Tagpole community

Stall Bar Challenge

Join us in July for the #stallbarchallenge!

I’ve teamed up with Pole In Style and Mighty Grip to bring the best cross training challenge to the Internet! Stall bars are one of the most effective off the pole apparatus that pole dancers and aerialists can use to up their training game.

“Lots of aerial arts rely on creating tension between two points, usually with a “push vs pull” action. This motion is best performed when joints are stacked, and muscle engagement is coordinated with your breath. This is a lot to remember when you are learning an aerial trick, and poses can be even more difficult with the swing and sway of hoop, or the spin of pole!

Learning how to engage the appropriate muscles in your back, or work on activating your glutes from the ground, can be a safer and more effective way to train. Stall bars are a static apparatus and many of these exercises can be practiced with your feet only just off the floor. Training with good technique helps you to build muscle memory and strength, reducing the risk of injury or aggravating imbalances in your body.” – (Source)

Baby poler Mel in 2016!

I have been using stall bars as part of my warm ups and conditioning program since 2016, learning about muscle engagement and building up strength for moves before taking them in the air. Now I am ready to share some of my favourite exercises with you!

 

 

 

All entrants in the challenge will also go in the draw to win amazing pole wear from Pole In Style and grip aids from Mighty Grip!

What do you need to do?

Join the #stallbarchallenge from 1st to 31st July 2018.

How to enter:
1. Like and repost this photo on Instagram and tag your friends in the comments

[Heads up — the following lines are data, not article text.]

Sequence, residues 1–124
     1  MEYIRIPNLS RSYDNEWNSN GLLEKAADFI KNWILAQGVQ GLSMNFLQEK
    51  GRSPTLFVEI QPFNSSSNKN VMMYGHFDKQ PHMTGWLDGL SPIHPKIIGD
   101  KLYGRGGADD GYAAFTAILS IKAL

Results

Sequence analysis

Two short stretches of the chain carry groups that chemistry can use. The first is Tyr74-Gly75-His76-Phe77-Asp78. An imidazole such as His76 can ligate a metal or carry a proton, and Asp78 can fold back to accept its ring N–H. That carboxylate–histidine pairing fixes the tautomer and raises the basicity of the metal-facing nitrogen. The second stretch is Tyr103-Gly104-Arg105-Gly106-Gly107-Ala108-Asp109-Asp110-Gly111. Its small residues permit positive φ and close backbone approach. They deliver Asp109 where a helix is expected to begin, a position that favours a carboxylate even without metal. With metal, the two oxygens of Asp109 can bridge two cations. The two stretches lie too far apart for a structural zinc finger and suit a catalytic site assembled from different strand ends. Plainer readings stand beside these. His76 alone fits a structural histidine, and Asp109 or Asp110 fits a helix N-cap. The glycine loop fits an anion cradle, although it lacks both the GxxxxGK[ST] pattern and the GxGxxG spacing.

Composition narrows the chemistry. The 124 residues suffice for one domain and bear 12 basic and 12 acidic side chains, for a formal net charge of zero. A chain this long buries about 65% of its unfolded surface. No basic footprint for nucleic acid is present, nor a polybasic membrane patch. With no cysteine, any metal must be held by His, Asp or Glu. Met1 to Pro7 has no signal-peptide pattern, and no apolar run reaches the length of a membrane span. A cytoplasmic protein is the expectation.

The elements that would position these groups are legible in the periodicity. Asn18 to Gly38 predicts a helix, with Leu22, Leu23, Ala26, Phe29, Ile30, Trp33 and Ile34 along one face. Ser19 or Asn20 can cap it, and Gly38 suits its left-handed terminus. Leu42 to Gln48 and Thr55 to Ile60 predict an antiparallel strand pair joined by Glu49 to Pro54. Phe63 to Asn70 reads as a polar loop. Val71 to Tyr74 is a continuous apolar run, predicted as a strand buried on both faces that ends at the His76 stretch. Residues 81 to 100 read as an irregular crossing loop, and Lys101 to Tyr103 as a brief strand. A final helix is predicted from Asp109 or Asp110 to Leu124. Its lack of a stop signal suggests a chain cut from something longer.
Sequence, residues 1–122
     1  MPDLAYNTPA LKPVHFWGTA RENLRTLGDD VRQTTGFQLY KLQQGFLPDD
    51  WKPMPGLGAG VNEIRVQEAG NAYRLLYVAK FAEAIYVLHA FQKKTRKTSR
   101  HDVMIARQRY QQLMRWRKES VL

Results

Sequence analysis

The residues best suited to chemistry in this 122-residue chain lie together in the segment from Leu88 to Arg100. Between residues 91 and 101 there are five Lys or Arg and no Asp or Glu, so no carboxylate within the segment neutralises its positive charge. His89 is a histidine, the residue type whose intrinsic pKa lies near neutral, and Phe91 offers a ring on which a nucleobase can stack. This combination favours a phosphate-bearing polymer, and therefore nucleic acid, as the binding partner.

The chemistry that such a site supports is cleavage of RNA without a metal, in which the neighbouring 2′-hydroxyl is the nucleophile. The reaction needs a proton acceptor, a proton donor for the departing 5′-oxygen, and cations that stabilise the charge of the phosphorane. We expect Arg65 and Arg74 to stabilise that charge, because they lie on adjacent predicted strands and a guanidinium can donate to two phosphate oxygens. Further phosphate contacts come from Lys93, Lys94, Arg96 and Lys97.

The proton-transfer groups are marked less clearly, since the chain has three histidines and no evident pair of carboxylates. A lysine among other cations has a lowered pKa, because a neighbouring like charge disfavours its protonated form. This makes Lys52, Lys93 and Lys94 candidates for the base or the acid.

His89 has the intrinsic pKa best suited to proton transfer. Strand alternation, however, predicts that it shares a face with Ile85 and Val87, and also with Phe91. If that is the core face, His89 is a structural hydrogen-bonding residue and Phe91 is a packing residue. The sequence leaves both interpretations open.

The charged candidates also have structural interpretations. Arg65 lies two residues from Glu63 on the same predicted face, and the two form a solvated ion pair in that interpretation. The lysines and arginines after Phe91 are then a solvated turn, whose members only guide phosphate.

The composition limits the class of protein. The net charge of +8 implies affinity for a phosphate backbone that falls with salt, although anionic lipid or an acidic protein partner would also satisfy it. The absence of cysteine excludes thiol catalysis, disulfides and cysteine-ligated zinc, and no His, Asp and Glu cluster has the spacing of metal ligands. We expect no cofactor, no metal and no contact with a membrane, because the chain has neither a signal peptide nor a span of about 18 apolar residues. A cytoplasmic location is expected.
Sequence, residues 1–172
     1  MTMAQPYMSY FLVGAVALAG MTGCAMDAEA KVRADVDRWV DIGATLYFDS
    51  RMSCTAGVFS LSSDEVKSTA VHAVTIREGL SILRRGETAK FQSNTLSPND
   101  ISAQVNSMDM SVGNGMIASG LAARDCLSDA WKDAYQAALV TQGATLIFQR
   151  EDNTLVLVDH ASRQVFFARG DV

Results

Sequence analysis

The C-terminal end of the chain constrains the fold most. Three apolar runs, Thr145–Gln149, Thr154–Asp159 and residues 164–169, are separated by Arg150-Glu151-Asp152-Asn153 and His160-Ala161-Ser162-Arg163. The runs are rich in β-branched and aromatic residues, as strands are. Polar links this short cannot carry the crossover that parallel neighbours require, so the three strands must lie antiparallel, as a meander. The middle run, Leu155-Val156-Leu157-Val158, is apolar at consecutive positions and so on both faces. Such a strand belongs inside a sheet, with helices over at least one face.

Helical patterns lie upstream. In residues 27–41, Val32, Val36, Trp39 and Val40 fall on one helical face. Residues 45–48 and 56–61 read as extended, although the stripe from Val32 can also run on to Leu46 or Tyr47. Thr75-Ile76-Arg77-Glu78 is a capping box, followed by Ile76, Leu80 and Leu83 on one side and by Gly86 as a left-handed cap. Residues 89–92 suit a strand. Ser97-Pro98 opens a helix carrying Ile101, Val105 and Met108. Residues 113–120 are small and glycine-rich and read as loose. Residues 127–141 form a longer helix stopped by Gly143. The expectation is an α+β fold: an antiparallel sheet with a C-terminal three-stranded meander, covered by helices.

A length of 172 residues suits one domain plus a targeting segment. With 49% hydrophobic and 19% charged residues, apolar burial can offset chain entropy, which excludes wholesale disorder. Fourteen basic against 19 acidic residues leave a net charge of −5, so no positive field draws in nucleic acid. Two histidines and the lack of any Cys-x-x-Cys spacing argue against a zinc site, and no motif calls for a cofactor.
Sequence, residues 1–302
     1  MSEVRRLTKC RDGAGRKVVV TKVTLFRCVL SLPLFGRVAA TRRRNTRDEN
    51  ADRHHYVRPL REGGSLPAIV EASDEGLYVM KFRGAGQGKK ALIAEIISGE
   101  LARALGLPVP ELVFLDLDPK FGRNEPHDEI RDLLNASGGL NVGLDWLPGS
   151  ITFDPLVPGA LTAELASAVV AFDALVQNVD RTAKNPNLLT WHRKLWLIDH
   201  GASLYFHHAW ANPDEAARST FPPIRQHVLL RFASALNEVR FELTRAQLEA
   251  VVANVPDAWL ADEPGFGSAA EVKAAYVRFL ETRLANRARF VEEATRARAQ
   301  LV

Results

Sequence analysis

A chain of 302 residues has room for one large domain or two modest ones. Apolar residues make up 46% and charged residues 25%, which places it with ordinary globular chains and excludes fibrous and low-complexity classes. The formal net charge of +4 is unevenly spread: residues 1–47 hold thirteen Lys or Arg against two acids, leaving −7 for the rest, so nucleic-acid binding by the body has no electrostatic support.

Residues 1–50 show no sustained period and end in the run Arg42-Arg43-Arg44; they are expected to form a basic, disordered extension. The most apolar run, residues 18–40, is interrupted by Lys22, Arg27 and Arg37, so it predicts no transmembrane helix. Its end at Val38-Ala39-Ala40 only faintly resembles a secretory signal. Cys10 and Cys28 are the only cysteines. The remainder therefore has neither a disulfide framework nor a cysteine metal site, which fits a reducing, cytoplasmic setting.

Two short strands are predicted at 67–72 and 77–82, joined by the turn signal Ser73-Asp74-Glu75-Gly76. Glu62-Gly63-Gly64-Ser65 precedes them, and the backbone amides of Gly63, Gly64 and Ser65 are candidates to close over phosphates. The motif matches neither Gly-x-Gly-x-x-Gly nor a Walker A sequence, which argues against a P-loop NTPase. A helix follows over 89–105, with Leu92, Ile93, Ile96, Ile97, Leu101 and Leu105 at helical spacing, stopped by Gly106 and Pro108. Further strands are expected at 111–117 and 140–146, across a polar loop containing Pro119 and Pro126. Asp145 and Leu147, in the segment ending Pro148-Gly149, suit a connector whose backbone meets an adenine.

2. Follow host @melnutter_baudelaire and sponsors @mighty_grip and @poleinstyle
3. Complete all 8 exercise challenges before 31st July
4. Make sure your Instagram profile is public so we can see your progress
5. Share your videos using hashtag #stallbarchallenge, and tag @melnutter_baudelaire @mighty_grip and @poleinstyle in each post

Exercises
July 1st – Tucks
July 5th – Push Ups
July 8th – Plank
July 12th – Sit Ups
July 15th – Dragon Flag
July 19th – Side Plank
July 22nd – Iguana Mount
July 26th – Split Grip

You can find stall bars in your local gym, pole studio, or even in playgrounds outdoors. Keep and eye out and prepare yourself for a month of strength building! See you on Instagram!

Same Same, But Different

Last month the International Pole Championships brought the best of the best to the world stage. Live streams and social media stories allowed even those across the globe to watch each routine. As I sat there with my laptop perched on my knees, red wine in hand, the next routine started … “I know this song!”

Not only did I recognise the song, I had also choreographed my own routine to it. The waves of joy and appreciation I felt as I watched the competition were then mixed with nostalgia, memories, and connection. Hanka Venselaar … we speak the same language.

Across five years pole dancing in Sydney I was lucky enough to have the opportunity to perform over 15 self choreographed routines.Not only did the studio host regular showcase nights, but we also had access to a theatre venue once or twice per year, allowing us mere mortals to grace the stage and get at taste for the limelight.

Choosing a song for these performances was always so hard. I read over people’s playlists for pole and usually roll my eyes. They were just not my style.

So when I watch competition pieces it is rare to find such a connection with an artist. Tricks are always impressive, flow is inspiring, but when someone perhaps feels something that you feel …. priceless!

In hip-hop culture there are constant references to other artists. A title of a song included in a lyric, a sample from a record inspiring a whole new flow from a new MC. There appears to be less of a threat of copyright infringement and more an appreciation for each other’s talents. Don’t hide your source, name and fame them!

Not to say here that I expect Hanka Venselaar to have seen my performance from 2016. Or to understand how important that piece would become in my growth as a dancer and aerialist. That is not why I write this article.